History Summarized: Hong Kong

Well, now that I finished my China series, I guess it’d be fun to take a little bit of a closer look at the history of Hong Kong. So, I’ll schedule that one in for a side video after Rome goes up. Yeah, that’s a good plan. Nothing wrong with that. Hundreds of thousands of protesters marched in Hong Kong, Sunday. They were protesting a bill that would allow suspected criminals in the city to be sent to mainland China for trial Oh, oh, OH… Oh, no. Well, no turning back now. Come on, Pooh. Let’s do some history. While the Yellow and Yangzi rivers dominate the landscape of central China, the south lives by the Pearl River whose mouth lies on the southern coast. Beyond its value is a trade artery, the geography of the Pearl River Delta made it a strategic jackpot. Its many islands were isolated from the reach of the mainland, but also shielded from seaside storms. And if you’re a little bit on the morally bankrupt side, the first thing you probably thought about this description is that it sounds ideal for piracy. In the early 1800s, the legendary Ching Shih commanded entire fleets and a confederation of over 70,000 pirates from the hidden coves and bays of the Pearl River Delta. At the height of her power, her merry band of brigands ventured upstream to raid the famous port city of Canton before demanding a universal pardon from the vulnerable Qing Dynasty. Man, it really pays to be a pirate queen! Take notes kids. Though the piracy stopped, her ability to stand up to an entire empire caught the eye of foreign navies. Which, oh… Oh boy, was SO much worse than pirates. In the decades following, who else but the British Empire started poking around the Pearl River Delta and the port of Canton. Trading goods, scoping out the joint and discovering how much they loved tea. In exchange, the Qing wanted nothing but pure silver. This was fine until it wasn’t and when they ran out of silver to pay for that delicious tea, Britain did a teensy weensy drug smuggling and flooded China with opium to split the difference. China retaliated, Britain retaliated harder, and then one successful opium war later, Britain acquired the rocky island of Hong Kong in 1842 to use as their own base of operations for Chinese trade and all of the glorious tea that came with it. With a native population of only 7,000, the island itself was pretty small when they first got it, but there was no reason to stop now when there’s empire to be had. So after Opium War 2: Opioid Boogaloo, China ceded the Kowloon Peninsula across the bay. Britain had access to loads of other Chinese ports like Canton, Fuzhou and Shanghai, but Hong Kong was 100% British, for keeps, and they could do whatever they wanted with it. In one last lane grab in 1898, Britain bandwagon-ed off of the Japanese Empire’s victory against China to extend Hong Kong’s borders with a 99-year lease on a bunch of new territories. To the British negotiators, that was as good as forever and that’s typically abysmal British colonial foresight that we all know so well. But imprudent negotiating and illegal drug smuggling notwithstanding, we’ve got a city to manage now! So what happens to Hong Kong from there? Well, half a century after coming under the crown, it had grown to almost 400,000 people. Despite early attempts to segregate the British from their Chinese subjects, both the people and their cultures slowly converged. And speaking of tea, which is a vital subject to Victorian Englishmen everywhere, the Brits took cream and sugar in their tea while the Chinese drank it straight, but with time, Hongkongers got comfortable drinking tea both ways and even invented a unique kind of milk tea. And along those lines, everything from sports to architecture went on to fuse British and Chinese influences throughout the 1900s as Hong Kong grew into a brilliantly harmonised cultural blend. Why does it still sound like I’m talking about tea? The territory’s location as both geographically isolated and not owned by China made it an ideal place to go if you ever had a reason to run the hell away from China. After the collapse of the Qing dynasty and especially after the civil war between the Republic of China and Mao’s People’s Republic of China, loads of political refugees poured into Hong Kong. As a quick tangent, the Communist revolution ultimately forced the nationalist Kuomintang to flee largely on to the island of Taiwan where it remains independent from China. But many of those same democratically inclined dissidents found like-minded friends in Hong Kong. Even though Japan had occupied the territory during the Second World War and thoroughly sacked it, Britain picked up the pieces and gave the city new life after the war, in large part thanks to the influx of Kuomintang members. The immediate result was a severe housing shortage and dangerous overcrowding, but to cope, the city went all in on skyscrapers in the decades following. Construction was so intense that it’s been said the city had a brand new skyline every other decade and it still has the most skyscrapers of any city on Earth. Buildings have gates cut out of them to let the dragons pass through and that is the sickest design feature I’ve ever seen. Honestly, no other skyline can compare. And that’s not an opinion, that is a fact. You can wake me up when you’re lame city gets dragon gates. Hong Kong had largely served as an entry PO for its early history as Britain’s preferred way to ship goods to and from China but trouble struck with the outbreak of the Korean War one year after the Communist revolution ended. When America essentially blockaded the Chinese coast and issued a trade embargo Hong Kong status as an export hub was basically caput So it’s economy adapted by turning inwards focusing on high quality Manufacturing and later Finance tourism and film. After Bruce Lee challenged Asian stereotypes in the late 60s and early 70s Hollywood And introduced the outside worlds at the new Hong Kong, actors like Jackie Chan helped make the city into a legendary cinema hub through The 80s and 90s. The film boom also spread the fascination with Hong Kong’s distinct neon look. Nothing strictly historical there, It just looks rad. But things weren’t all shiny and cyberpunk, one political oddity inside of the already Geopolitically weird Hong Kong was the Kowloon Walled city it was originally a Qing military fort that kind of turned into a no-man’s land following their collapse and the Japanese occupation when a wave of squatters crowded into the city Britain threw up its arms and said, “Oh, whatever, you do you,” and just let it be. From there, it swiftly became a lawless Micro-city and the most densely populated urban area in history. 50 times as dense as modern Manhattan Seriously read up on this place. It is nuts. However, it was ultimately demolished in 1993 to make way for a park whoa Is it the 90s already? man time really flies when you’re empire building! And that 99-year lease is coming due real soon! At the turn of the century Hong Kong was About the size of London with just over half its GDP. That is bonkers and China clearly wanted its old land back Thank you very much So in 1984 Prime Minister Thatcher in China’s leader Deng Xiaoping Negotiated the peaceful handover of all Hong Kong back to China on the condition that the territory remained Autonomous for 50 years as it gradually incorporated into the mainland the so-called one China two systems policy 50 years. Good as forever. In the lead-up to the hand-off in 1997, nearly a million people left the city fearing that things would go south quick when Hong Kong reverted as 1997 passed Hong Kong came into its new role as an autonomous territory under China with Relative calm. Among various redesigns to remove Royal British iconography, the flag got replaced with this Absolute beauty featuring a Hong Kong native white orchid on a red field with China’s five stars on the pedals I think it’s one of the coolest looking flags in the world. And now I’m getting dangerously close to that 20-year rule So I’m gonna keep this next part brief but in the years since the handover China’s mega cities in Beijing and Shanghai have Rapidly grown to rival the economic power of Hong Kong. Even in the Pearl River Delta Shenzhen and Guangzhou grew massively in the past 20 years though its economic distinction is slowly declining, Hong Kong remains a vital treasure of Multiculturalism as it represents the best of China’s long heritage and of Britain’s global mindset. What can I say? I like the places where culture converges. Sue me. And I really really like Seriously want to say more but in the interest of historical integrity I’ve got to stop myself here. Hong Kong has been one of the most impressive, innovative, and influential cities in history flatout It’s more than a footnote on the British Empire and it’s much more than a novelty in China’s backyard. Whoo Now if you’ll excuse me, I’m going to leave the 21st century as fast as I possibly Can and dive headlong into Renaissance history if you need me, I’ll be in Venice Thanks so much for watching and please Check out the resources linked below to learn about what’s going on in Hong Kong right now as well as what’s at stake the modern World is busy But every so often I get a little twinge whenever I see something that I think will come to be historically transformative in the long run and this is absolutely one of those stories and also Unrelated if you want to keep the conversation going click the link below to join our official OSP discord server. I’ll see you there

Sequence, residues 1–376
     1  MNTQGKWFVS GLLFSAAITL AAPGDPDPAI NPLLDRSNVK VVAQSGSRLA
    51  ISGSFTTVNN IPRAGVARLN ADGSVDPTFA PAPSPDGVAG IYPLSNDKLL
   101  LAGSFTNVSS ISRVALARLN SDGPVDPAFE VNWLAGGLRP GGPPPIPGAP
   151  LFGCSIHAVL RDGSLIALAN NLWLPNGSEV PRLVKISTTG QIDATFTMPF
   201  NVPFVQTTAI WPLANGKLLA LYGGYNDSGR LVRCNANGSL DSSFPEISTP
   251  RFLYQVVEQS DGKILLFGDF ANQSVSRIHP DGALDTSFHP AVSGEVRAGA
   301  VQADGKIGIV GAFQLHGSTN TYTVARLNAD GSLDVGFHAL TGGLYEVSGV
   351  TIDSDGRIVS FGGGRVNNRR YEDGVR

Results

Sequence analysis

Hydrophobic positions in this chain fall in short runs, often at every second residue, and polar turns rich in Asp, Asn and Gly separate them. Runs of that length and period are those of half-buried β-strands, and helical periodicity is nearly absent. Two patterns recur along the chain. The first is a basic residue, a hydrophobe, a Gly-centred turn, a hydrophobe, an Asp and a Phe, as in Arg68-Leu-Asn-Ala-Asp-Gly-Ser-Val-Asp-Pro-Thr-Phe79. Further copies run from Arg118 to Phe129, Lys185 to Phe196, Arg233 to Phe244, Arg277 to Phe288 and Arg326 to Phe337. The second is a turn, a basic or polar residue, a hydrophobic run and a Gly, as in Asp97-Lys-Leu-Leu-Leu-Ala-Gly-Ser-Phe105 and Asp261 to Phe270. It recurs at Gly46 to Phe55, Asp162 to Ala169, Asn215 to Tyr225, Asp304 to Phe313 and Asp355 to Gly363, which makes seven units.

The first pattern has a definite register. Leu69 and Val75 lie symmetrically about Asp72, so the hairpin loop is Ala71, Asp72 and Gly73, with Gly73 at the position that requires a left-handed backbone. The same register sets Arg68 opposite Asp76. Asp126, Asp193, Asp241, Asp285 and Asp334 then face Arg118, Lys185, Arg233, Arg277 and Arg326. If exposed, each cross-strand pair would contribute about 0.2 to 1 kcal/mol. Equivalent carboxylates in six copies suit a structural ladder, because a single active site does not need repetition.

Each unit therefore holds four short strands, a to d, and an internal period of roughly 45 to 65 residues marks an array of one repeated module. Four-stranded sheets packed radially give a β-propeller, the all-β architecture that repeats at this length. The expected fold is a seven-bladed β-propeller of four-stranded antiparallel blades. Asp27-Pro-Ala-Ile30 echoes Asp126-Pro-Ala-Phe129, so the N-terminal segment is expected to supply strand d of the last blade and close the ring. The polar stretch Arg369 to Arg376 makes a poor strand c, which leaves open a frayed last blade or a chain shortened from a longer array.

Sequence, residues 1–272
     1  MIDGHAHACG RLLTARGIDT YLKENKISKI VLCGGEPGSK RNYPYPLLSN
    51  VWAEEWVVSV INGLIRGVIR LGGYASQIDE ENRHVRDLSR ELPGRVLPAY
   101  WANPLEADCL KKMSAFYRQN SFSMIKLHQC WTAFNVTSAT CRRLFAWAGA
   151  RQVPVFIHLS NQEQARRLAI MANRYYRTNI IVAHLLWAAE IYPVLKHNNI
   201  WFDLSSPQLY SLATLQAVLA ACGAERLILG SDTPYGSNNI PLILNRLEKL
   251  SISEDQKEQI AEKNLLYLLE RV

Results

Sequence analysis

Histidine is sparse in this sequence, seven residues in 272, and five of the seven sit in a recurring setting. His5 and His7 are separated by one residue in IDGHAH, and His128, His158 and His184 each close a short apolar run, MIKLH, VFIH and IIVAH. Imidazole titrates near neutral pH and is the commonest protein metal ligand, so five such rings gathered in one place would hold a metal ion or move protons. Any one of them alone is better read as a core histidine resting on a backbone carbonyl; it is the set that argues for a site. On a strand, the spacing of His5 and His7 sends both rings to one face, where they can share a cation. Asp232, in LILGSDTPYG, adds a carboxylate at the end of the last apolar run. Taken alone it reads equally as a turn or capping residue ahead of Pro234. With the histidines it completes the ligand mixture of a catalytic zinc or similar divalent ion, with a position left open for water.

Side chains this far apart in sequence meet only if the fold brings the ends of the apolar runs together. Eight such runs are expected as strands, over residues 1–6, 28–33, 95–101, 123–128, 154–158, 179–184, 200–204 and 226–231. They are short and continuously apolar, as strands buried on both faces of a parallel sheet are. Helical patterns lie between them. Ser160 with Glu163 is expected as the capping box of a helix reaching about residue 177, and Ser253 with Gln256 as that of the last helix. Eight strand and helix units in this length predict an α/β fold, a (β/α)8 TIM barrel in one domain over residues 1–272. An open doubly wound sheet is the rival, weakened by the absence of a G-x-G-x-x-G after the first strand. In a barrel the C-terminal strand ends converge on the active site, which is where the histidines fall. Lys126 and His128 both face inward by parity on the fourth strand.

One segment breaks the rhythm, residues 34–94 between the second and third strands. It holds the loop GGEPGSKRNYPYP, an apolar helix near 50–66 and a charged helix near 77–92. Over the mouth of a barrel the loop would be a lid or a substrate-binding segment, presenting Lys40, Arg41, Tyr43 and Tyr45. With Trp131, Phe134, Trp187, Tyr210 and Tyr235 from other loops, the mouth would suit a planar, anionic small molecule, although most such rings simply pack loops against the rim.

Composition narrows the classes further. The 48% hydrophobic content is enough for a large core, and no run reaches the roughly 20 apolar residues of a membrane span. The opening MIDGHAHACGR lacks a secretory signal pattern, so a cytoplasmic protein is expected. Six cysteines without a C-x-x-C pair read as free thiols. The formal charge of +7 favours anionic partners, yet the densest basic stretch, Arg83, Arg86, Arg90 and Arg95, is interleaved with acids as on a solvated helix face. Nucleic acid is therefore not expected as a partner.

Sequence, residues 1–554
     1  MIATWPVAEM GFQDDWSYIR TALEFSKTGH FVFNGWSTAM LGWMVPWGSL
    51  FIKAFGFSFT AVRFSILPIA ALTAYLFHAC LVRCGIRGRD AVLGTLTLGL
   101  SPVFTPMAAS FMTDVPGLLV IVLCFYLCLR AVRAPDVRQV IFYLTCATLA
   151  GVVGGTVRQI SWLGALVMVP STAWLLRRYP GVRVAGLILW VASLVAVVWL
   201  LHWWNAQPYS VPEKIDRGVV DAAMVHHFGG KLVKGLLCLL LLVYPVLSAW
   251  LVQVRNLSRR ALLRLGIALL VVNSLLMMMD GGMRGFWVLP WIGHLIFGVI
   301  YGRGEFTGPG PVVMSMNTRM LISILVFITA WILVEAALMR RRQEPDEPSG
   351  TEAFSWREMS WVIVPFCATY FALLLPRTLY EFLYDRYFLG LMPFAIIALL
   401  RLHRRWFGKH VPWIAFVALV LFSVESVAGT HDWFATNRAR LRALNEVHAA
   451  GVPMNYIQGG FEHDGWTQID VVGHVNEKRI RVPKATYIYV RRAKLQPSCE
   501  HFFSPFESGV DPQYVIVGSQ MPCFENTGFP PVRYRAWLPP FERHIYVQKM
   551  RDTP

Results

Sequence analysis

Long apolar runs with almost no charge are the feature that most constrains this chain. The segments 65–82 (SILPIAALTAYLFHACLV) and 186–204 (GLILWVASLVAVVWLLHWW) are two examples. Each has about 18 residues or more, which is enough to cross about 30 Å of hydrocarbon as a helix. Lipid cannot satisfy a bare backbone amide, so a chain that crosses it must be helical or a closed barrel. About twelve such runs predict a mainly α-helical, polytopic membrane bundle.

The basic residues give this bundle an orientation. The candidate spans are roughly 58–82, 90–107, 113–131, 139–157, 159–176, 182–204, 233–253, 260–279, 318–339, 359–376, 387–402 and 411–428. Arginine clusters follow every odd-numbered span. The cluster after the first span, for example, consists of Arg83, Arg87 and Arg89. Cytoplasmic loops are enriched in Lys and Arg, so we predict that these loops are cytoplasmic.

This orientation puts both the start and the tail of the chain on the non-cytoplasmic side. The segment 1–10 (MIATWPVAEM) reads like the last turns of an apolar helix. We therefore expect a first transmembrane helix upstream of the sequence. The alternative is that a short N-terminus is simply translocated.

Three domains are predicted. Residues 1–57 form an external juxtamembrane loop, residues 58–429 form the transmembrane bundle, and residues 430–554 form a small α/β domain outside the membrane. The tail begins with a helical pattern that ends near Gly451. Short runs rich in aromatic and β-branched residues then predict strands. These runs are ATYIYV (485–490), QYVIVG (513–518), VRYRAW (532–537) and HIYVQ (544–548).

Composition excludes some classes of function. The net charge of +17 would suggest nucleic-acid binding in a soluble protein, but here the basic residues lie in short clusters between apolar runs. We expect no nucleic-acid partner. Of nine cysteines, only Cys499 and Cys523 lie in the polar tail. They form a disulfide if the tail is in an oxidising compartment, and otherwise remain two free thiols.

Video source: https://www.youtube.com/watch?v=1pEvthHlknk